A recent PwC report on employees’ relationship with technology found that 90 percent of executives believe their organization pays attention to peoples’ needs when introducing new technology. Employees, however, have a different view with just 53 percent agreeing their needs play a role in technology implementations. Equally troubling, while 92 percent of the C-Suite are satisfied with how the company’s technology enables them to make progress on their most important work, only 68 percent of staff report the same.

According to PwC, “That experience gap matters. When you don’t have a clear and accurate understanding of how your people use technology in their jobs, and what they need and want from those tools, their overall experience at work can suffer.” To bridge the experience gap and ensure that technology change drives beneficial results for executives and staff alike, PwC recommends taking the following steps:

  • Speak the same language: Mistakes, confusion, and frustration can easily arise if different departments and systems are using different terminology to describe the same thing. Companies can avoid this pitfall by creating an organization-wide glossary with common terms and ensuring that everyone from management down to interns is using this lexicon when working on the initiative at hand.
  • Get greater visibility: PwC recommends getting a big-picture view of all initiatives so that it’s easy to identify how an R&D change might impact sales plans. With a comprehensive perspective on technology projects and an understanding of how they affect other functions, organizations can break down silos and better prioritize initiatives.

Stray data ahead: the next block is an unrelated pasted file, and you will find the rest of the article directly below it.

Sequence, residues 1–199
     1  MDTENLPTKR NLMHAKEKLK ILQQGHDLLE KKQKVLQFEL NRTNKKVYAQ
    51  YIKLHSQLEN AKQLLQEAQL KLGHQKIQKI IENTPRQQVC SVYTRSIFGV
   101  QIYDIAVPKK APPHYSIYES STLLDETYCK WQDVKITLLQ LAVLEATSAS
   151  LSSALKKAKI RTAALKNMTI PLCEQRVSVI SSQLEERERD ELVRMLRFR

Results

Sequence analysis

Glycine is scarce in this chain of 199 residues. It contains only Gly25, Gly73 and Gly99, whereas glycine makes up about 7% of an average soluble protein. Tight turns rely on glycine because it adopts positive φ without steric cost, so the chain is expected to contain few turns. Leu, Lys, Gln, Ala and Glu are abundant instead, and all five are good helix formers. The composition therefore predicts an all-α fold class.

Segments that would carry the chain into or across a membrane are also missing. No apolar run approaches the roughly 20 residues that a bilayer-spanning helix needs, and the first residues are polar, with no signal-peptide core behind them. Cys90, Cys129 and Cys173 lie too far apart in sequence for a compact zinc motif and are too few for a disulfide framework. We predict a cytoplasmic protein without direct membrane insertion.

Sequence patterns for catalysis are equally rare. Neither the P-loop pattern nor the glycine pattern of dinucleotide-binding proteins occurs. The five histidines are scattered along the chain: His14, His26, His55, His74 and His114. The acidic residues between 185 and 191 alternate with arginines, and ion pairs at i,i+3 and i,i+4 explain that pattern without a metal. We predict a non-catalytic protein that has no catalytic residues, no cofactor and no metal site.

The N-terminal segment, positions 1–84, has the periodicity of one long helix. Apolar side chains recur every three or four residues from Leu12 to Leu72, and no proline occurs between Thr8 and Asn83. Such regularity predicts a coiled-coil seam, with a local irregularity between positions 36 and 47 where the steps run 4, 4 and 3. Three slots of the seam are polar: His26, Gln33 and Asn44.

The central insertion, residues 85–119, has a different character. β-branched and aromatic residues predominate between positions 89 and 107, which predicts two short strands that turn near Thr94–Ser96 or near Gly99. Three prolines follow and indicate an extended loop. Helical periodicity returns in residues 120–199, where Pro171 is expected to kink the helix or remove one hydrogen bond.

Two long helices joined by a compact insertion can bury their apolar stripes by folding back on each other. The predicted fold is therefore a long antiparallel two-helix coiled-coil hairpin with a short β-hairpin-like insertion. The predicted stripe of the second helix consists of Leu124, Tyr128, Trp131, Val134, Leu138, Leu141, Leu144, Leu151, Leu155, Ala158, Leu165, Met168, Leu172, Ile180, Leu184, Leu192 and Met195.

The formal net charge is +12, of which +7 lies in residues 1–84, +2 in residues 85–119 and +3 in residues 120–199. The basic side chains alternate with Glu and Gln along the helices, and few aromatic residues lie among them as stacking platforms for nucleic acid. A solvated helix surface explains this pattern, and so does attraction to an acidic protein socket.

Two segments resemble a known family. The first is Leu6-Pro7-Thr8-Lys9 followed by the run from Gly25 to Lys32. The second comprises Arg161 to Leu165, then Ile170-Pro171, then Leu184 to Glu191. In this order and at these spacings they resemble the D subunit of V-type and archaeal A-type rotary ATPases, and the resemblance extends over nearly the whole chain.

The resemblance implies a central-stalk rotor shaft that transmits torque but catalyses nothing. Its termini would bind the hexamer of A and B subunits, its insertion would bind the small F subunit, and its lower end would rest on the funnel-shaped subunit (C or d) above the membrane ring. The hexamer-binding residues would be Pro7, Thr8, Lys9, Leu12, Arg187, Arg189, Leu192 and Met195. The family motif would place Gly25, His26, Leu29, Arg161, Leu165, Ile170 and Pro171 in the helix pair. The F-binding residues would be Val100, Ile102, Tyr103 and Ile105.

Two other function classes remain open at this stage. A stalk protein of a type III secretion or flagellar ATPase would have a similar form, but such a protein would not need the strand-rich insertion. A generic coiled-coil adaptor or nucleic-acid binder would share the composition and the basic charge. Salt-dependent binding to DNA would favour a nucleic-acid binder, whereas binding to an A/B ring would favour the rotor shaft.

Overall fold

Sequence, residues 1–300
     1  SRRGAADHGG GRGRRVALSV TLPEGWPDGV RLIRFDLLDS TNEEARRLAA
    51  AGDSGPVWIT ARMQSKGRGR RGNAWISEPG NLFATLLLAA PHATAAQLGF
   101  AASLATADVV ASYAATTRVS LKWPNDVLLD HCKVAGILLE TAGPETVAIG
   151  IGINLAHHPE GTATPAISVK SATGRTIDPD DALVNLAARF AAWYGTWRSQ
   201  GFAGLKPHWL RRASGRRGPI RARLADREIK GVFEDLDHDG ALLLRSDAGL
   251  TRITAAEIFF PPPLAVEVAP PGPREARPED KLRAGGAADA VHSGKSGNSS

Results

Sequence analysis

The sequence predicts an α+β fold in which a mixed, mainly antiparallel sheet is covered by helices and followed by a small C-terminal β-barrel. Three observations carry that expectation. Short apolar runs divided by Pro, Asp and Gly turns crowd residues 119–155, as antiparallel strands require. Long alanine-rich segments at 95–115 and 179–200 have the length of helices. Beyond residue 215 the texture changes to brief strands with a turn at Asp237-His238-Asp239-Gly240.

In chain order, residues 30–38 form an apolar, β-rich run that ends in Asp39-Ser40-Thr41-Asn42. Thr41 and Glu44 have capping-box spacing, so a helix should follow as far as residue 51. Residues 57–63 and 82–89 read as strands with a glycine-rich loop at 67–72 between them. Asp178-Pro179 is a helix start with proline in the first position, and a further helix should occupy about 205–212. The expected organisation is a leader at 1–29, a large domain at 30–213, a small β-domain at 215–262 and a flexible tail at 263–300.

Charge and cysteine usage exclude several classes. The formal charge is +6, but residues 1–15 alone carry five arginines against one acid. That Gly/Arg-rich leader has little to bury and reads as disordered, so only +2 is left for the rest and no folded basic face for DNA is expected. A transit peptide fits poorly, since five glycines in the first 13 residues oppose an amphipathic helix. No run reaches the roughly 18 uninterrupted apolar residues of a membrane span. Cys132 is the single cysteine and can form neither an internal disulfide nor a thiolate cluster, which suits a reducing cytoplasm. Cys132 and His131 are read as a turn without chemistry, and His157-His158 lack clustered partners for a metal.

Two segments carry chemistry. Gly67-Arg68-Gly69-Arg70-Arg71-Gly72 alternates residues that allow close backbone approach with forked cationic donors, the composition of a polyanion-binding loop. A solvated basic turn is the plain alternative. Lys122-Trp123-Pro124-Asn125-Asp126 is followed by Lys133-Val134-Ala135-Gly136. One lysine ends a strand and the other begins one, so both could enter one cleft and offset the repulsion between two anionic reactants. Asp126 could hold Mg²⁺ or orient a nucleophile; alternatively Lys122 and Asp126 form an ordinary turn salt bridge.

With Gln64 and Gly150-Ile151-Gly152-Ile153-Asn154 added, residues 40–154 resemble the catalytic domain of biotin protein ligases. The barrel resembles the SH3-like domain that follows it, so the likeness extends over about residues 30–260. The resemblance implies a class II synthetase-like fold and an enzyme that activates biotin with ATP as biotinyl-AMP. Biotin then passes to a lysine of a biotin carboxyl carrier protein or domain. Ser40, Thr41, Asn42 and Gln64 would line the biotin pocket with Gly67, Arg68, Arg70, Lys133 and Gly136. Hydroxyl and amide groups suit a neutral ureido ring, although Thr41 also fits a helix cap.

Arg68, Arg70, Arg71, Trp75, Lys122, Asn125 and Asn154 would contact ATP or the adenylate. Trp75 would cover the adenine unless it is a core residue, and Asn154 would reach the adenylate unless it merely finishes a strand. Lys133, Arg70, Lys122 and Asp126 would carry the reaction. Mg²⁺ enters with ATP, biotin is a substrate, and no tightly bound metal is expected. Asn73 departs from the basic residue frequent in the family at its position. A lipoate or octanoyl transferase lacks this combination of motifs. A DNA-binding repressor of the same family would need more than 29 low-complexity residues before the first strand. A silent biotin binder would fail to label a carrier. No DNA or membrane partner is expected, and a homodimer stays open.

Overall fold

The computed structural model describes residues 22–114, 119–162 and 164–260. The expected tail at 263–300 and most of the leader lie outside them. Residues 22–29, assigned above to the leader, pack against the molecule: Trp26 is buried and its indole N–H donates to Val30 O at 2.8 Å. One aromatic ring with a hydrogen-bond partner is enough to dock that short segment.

•  Increase transparency: To manage change effectively, companies need transparency across all departments and roles. Updates should be frequent and personalized. PwC suggests that companies use a variety of channels—social posts, weekly news summaries, and email alerts—to communicate with staff about technology projects. But it’s important that this communication not be one-sided. Employees must be given the chance to provide feedback on their experiences with technology, what is and is not working, and what they need to be more effective.
  • Make it fun: Gamification can be a great strategy for getting employees genuinely interested in new technology. By making the exploration of technological change a friendly, competitive event, companies can increase adoption and reduce many of the headaches often associated with rolling out a new technology.

Change is constant in today’s digital world. But it’s critical that organizations navigate this change in the right way and ensure that their employees feel supported throughout the process.

For more tips on doing this successfully, check out this Fast Company article.